Any bets what the position of the United Kingdom or European Union on this question is? Perhaps that would be a good place to begin doing your homework.
And, at the same time, here's a bit of friendly advice that you clearly failed, refused or neglected to glean from law school: if you wish to be taken seriously please invest in at least some rudimentary background and contextual research before making public your arguments. For we don't want you coming off as a learned political party youth-winger, do we?
And are you really sure that the US Congress, by dint of being dominated by Republicans would never sanction the use of sanctions in Kenya? I wish the late Smith Hempstone were alive.
Since he is not, please invest in a copy of his memoir Rogue Ambassador: An African Memoir. He was nominated to be the US Ambassador to Kenya by a Republican administration and despite all efforts by the Moi government to get him recalled, he stayed in Kenya with the full support of that Republican administration.
So, be most careful before you pontificate with Papal pomposity about the way the mind of US Republicans works - as I see it, today the Republicans themselves have no clue about their own mind sets. (And by the way, just by point of information that has nothing to do with this argument, the very same Professor Makau Mutua you accuse of having "known political leanings" described Hempstone as a "bilious racist").
Now what is it you elided to say dear Jasper? Here's one: given known antecedents, the two Kenyan cases at the ICC will each take at least three years to be concluded.
And given that the schedule of these cases will be a five-day-a-week engagement, it means that for the next three years, should the Uhuru Kenyatta-William Ruto ticket win the forthcoming general election, we will effectively have a decapitated Presidency: an acephalous political organism.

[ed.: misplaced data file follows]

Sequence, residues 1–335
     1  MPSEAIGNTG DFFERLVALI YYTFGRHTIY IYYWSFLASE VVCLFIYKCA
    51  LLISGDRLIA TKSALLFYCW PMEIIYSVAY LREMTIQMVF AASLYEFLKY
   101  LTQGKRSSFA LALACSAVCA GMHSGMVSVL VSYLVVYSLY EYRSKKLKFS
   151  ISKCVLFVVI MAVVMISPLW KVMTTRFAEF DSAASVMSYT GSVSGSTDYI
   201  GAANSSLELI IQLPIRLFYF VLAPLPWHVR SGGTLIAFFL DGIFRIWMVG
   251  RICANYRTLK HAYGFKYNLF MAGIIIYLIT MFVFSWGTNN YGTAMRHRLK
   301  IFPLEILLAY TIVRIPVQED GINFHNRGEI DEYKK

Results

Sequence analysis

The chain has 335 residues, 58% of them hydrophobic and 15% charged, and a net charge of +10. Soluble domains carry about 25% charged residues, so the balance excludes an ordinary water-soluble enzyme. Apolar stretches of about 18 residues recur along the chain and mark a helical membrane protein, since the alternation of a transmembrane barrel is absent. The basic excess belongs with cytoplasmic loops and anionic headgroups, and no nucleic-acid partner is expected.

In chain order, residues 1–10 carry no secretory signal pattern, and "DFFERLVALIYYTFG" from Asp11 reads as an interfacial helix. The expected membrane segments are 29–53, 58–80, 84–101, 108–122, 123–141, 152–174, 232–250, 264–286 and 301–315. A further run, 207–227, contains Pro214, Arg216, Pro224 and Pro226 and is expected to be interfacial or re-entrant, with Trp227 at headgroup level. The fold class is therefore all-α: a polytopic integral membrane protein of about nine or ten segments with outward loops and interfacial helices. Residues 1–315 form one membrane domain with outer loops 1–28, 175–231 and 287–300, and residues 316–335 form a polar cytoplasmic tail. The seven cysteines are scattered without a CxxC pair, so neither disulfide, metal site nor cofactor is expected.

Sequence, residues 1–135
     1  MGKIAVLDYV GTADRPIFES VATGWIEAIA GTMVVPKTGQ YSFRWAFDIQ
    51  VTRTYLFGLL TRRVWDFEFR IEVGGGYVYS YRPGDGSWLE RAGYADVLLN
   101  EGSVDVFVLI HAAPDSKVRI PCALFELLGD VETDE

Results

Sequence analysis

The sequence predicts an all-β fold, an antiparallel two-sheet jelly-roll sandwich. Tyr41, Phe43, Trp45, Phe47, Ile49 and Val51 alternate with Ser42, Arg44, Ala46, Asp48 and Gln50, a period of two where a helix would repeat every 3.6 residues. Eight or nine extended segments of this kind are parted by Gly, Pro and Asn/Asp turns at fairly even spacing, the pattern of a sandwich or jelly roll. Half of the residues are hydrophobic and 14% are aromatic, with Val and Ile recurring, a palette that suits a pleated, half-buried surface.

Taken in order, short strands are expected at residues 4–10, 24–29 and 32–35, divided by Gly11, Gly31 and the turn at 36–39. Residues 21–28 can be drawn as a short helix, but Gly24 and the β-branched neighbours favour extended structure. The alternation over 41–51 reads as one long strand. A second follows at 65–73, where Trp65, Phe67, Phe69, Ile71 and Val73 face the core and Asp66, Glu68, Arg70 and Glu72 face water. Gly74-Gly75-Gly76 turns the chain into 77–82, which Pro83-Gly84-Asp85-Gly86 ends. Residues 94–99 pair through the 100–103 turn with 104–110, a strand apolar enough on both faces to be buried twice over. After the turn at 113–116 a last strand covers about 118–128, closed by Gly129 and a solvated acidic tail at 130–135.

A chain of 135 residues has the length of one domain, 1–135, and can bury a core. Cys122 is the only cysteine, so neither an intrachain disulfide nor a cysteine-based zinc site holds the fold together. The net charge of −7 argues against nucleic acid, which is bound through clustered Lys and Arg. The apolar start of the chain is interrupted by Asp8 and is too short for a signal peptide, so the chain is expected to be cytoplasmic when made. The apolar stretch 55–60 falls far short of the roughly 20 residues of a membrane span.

How we would expect effective delivery on the duties of chief executive, commander- in-chief and head of state through absenteeism is mind-boggling. It gives a particularly new and sharply ironical meaning to leadership that would then be "hands-off, eyes off, ears off, every-thing off."
Second, you also omit to mention that should the two elect not to go to The Hague using arguments based on customary international law regarding head-of-state immunity we will immediately become a pariah state because this will be - correctly in my view - deemed as non-cooperation under the Rome Statute. And yes, this would be a doomsday scenario for Kenya. No Mayans needed here.
So there dear Jasper: despite your valiant effort, I can only conclude that yours was naïve critique and analysis whose ecstatic heights were clearly unsullied by the realism and lessons of the struggles for good democratic governance in Kenya in the post-cold war era. And to think of the possibility of you as our next Attorney General!
Mugambi Kiai is the Kenya Programme Manager at the Open Society Initiative for Eastern Africa (OSIEA). The views expressed in this article are entirely his own and do not reflect the views of OSIEA.